Kitten vaccination schedule

Cat vaccination recommendations are a contentious topic in veterinary medicine. It’s easy to be overwhelmed by conflicting information on different vaccines and their supposed side effects, but you can cut through a lot of the noise just by contacting a vet and asking questions. 

These numbers apply to kittens of all breeds but may differ depending on risk factors including age, medical history, vaccination history, and state laws.

Cat’s age Core vaccines Non-core vaccines and other procedures
6 to 8 weeks FVRCP, FeLV Deworm, FeLV/FIV test
10 to 12 weeks FVRCP booster, FeLV booster Heartworm & flea prevention, deworm
14 to 16 weeks FVRCP booster, rabies Deworm, FeLV/FIV test
1 year and older FVRCP and rabies boosters (both one year after initial series) N/A
Every 1 to 3 years FVRCP and rabies one or three-year vaccine FeLV

*While this is a general guide to kitten vaccinations, your veterinarian will guide you on when, how often, and what vaccinations are best for your individual kitten.

Titer test

For an additional cost, owners may opt to give their cat a titer test, which measures their immunity levels to determine which vaccines they need. Keep in mind that rabies vaccinations are not optional for a titer test, as it’s required by law across most of the United States.

How much does it cost to vaccinate a kitten?

Most cat vaccinations are relatively affordable, though costs will ultimately vary based on fees for associated testing and other veterinary services your cat may need, including a physical exam. There may also be cost differences depending on the brand and type of vaccine used.

It’s important to note that many vets will test for FeLV and FIV before vaccinating. This adds $40 to $80 to your vet visit.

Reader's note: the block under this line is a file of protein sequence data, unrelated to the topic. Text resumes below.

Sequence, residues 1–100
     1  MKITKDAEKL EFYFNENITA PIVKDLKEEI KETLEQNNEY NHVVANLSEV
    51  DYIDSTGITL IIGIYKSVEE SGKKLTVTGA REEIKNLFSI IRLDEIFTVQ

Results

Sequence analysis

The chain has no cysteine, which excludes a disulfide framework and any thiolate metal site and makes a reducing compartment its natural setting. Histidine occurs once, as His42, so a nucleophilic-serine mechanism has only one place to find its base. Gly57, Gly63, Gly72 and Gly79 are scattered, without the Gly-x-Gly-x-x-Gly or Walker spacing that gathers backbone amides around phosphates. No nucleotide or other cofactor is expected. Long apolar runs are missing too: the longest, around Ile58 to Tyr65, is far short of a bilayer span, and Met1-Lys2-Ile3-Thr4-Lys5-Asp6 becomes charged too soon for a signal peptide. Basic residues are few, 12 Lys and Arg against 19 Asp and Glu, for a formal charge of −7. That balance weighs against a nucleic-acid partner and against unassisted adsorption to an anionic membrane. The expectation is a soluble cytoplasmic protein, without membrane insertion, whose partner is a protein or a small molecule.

In general, here’s what you can expect to pay for different cat vaccines:

Vaccination Cost
Rabies $20 to $30
FVRCP $20 to $30
FeLV $25 to $45
Chlamydia $20 to $40
Bordetella $10 to $30

Potential side effects of kitten vaccines

While vets universally agree that the benefits of vaccines outweigh the risks involved, adverse reactions can occur. Tenderness around the injection site, lethargy, and mild fever are all normal after getting a shot and should go away on their own. 

You may want to see a vet if your cat starts vomiting, having diarrhea, or turning away their food to make sure it’s not a more severe reaction.

🚨 Take your cat to the vet immediately if they develop hives, facial swelling, difficulty breathing, or if they become unresponsive at any point.

More serious conditions linked to kitten vaccines include: 

  • Allergic reactions. Some cats can be allergic to ingredients within a vaccine. Severe reactions are rare but can be lethal without the right treatment. Mild allergic reactions may clear up on their own, but call your vet and let them know how your kitten’s doing just to play it safe.